Detection of methylated BCAT1 and IKZF1 in circulating tumor DNA is specific for colorectal cancer but not for breast or prostate cancer

J. Winter, L. Sheehan-Hennessy, S. Pedersen, M. Wassie, M. Eaton, M. Chong, G. Young, E. Symonds

Research output: Contribution to journalMeeting Abstractpeer-review

Abstract

Background and Aim: Assays for circulating tumor DNA (ctDNA) biomarkers have shown utility for cancer detection and management. Methylated BCAT1 and IKZF1 are ctDNA biomarkers that have high sensitivity for colorectal cancer (CRC), but it is not clear if these biomarkers are also associated with other common cancers. The aim of this study was to investigate the sensitivity and utility of detecting methylated BCAT1 and IKZF1 in the ctDNA of patients with breast or prostate cancer.

Methods: Blood was collected from patients diagnosed with colorectal, breast, or prostate cancer, before receiving any treatment, at Flinders Medical Centre, South Australia. In addition, blood was collected from healthy controls who had been confirmed to have no evidence of CRC at colonoscopy. Circulating cell-free DNA isolated from plasma was bisulfite converted and assayed for methylation in BCAT1 and IKZF1. Logistic regression was used to assess ctDNA test positivity for BCAT1 and IKZF1 DNA methylation compared with healthy controls. Associations between assay positivity and tumor staging were also assessed by Poisson or logistical regression. To further explore the BCAT1 and IKZF1 DNA methylation levels in these cancers, 450 K DNA methylation array data from The Cancer Genome Atlas (TCGA) were assessed for matched tumor and normal samples from the PRAD (n = 50), BRCA (n = 90), and COADREAD (n = 44) cohorts. DNA methylation was interrogated at three out of 20 CpG sites encompassed in the BCAT1/IKZF1 ctDNA quantitative polymerase chain reaction assay (cg10764357 and cg07589773/cg18607529, respectively). Logistical regression of BCAT1/IKZF1 methylation for the different cancer types and tumor staging was also performed for all tumor cases with American Joint Committee on Cancer staging data (PRAD, 503; BRCA, 788; and COADREAD, 284).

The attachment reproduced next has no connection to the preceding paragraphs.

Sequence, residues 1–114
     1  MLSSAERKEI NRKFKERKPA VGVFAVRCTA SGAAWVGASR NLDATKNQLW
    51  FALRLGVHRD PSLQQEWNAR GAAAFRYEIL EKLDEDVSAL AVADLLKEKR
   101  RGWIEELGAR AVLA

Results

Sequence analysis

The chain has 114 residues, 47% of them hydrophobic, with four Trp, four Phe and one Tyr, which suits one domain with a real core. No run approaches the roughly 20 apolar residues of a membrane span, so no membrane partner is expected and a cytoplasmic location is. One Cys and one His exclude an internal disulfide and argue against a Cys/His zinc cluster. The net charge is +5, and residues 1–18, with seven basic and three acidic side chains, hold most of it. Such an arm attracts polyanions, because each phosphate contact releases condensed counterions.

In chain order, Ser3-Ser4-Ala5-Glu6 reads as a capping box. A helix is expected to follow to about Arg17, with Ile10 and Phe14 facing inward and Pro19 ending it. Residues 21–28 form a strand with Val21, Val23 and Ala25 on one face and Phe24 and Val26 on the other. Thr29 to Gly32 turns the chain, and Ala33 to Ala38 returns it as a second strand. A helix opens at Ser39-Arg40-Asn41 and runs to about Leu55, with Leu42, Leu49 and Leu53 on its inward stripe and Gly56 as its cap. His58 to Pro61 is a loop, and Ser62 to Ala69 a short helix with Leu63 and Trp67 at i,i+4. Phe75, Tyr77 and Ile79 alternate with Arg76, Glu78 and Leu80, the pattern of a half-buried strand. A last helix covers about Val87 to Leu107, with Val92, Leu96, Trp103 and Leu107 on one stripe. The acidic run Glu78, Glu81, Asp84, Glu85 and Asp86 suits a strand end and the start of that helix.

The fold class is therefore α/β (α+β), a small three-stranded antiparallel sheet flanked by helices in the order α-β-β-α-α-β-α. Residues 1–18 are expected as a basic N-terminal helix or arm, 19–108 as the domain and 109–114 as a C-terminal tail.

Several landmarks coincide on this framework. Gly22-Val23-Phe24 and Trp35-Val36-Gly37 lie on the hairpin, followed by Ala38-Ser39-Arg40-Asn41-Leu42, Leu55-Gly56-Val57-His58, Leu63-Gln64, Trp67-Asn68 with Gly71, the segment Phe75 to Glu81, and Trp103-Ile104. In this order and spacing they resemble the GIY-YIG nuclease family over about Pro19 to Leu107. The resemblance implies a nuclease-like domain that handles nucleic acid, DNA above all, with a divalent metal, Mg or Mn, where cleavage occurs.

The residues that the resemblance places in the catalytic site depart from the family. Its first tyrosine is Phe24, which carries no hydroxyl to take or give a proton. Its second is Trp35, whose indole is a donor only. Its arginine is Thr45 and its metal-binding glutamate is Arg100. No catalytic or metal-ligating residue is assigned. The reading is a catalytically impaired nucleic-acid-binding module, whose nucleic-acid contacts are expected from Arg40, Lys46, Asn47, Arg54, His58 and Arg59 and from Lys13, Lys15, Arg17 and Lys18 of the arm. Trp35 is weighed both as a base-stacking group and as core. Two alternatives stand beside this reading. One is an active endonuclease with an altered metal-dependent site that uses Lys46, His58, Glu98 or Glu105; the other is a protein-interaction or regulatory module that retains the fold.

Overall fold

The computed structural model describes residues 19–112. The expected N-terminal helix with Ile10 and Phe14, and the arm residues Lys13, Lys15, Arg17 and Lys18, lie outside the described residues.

Results: The study included 290 blood samples from patients diagnosed with CRC, 32 with breast cancer, 101 with prostate cancer, and 727 healthy controls. Only 7/101 prostate cancer (6.9%) and 3/32 breast cancer (9.4%) blood samples were positive for BCAT1/IKZF1 DNA methylation. The assay positivity rate was not significantly different to that of healthy controls (8.0% for females vs breast cancer; odds ratio [OR], 0.84; 95% CI, 0.23–3.1; and 7.6% for males vs prostate cancer; OR, 0.86; 95% CI, 0.65–2.1). In patients with CRC, the assay had a 60.3% positivity rate (175/290), which was significantly higher than that in healthy controls (7.7%, 56/727; OR, 18.2; 95% CI, 11.1–29.0). A higher assay positivity rate was observed in more advanced CRC disease, with overall stage IV cases having an assay positivity of 90.7% (39/43) compared with 23.7% (14/59) for stage I (OR, 21.9; 95% CI, 9.4–103.5). TCGA data showed that BCAT1 and IKZF1 were significantly hypermethylated in prostate and colorectal tumors compared with matched normal tissues (P < 0.0001) but were no different for breast tumors versus normal tissue (P = 0.854 for BCAT1 and P = 0.172 for IKZF1). There was no correlation between cancer staging and level of tissue DNA methylation in IKZF1 and BCAT1 for breast, prostate, or colorectal cases in the TCGA dataset.

Conclusion: Circulating tumor DNA methylated in BCAT1 and IKZF1 is specific for CRC and is not sensitive for detection of breast or prostate cancer, despite a subset of the targeted CpG sites in these genes being hypermethylated in prostate tumors. This supports the use of methylated BCAT1 and IKZF1 for CRC detection and monitoring.
Original languageEnglish
Pages (from-to)14
Number of pages1
JournalJournal of Gastroenterology and Hepatology
Volume36
Issue numberS3
DOIs
Publication statusPublished - Sep 2021

Keywords

  • tumor
  • cancer
  • blood
  • methylated
  • DNA
  • colorectal
  • breast
  • prostate

Fingerprint

Dive into the research topics of 'Detection of methylated BCAT1 and IKZF1 in circulating tumor DNA is specific for colorectal cancer but not for breast or prostate cancer'. Together they form a unique fingerprint.

Cite this